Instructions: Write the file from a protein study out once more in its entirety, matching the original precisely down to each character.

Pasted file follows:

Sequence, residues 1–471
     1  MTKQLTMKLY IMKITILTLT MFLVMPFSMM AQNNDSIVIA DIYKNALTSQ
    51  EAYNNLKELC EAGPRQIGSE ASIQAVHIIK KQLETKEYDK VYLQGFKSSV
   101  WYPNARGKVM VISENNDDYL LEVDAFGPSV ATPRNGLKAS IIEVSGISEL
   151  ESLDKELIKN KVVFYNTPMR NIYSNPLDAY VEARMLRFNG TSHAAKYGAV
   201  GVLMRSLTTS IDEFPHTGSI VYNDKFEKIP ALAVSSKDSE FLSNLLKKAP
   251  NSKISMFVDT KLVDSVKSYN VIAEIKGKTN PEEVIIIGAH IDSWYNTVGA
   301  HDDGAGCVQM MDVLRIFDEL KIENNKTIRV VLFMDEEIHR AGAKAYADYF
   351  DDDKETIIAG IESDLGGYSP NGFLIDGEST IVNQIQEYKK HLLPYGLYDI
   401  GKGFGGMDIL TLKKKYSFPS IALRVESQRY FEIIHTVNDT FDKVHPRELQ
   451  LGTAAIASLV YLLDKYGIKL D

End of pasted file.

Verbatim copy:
Sequence, residues 1–471
     1  MTKQLTMKLY IMKITILTLT MFLVMPFSMM AQNNDSIVIA DIYKNALTSQ
    51  EAYNNLKELC EAGPRQIGSE ASIQAVHIIK KQLETKEYDK VYLQGFKSSV
   101  WYPNARGKVM VISENNDDYL LEVDAFGPSV ATPRNGLKAS IIEVSGISEL
   151  ESLDKELIKN KVVFYNTPMR NIYSNPLDAY VEARMLRFNG TSHAAKYGAV
   201  GVLMRSLTTS IDEFPHTGSI VYNDKFEKIP ALAVSSKDSE FLSNLLKKAP
   251  NSKISMFVDT KLVDSVKSYN VIAEIKGKTN PEEVIIIGAH IDSWYNTVGA
   301  HDDGAGCVQM MDVLRIFDEL KIENNKTIRV VLFMDEEIHR AGAKAYADYF
   351  DDDKETIIAG IESDLGGYSP NGFLIDGEST IVNQIQEYKK HLLPYGLYDI
   401  GKGFGGMDIL TLKKKYSFPS IALRVESQRY FEIIHTVNDT FDKVHPRELQ
   451  LGTAAIASLV YLLDKYGIKL D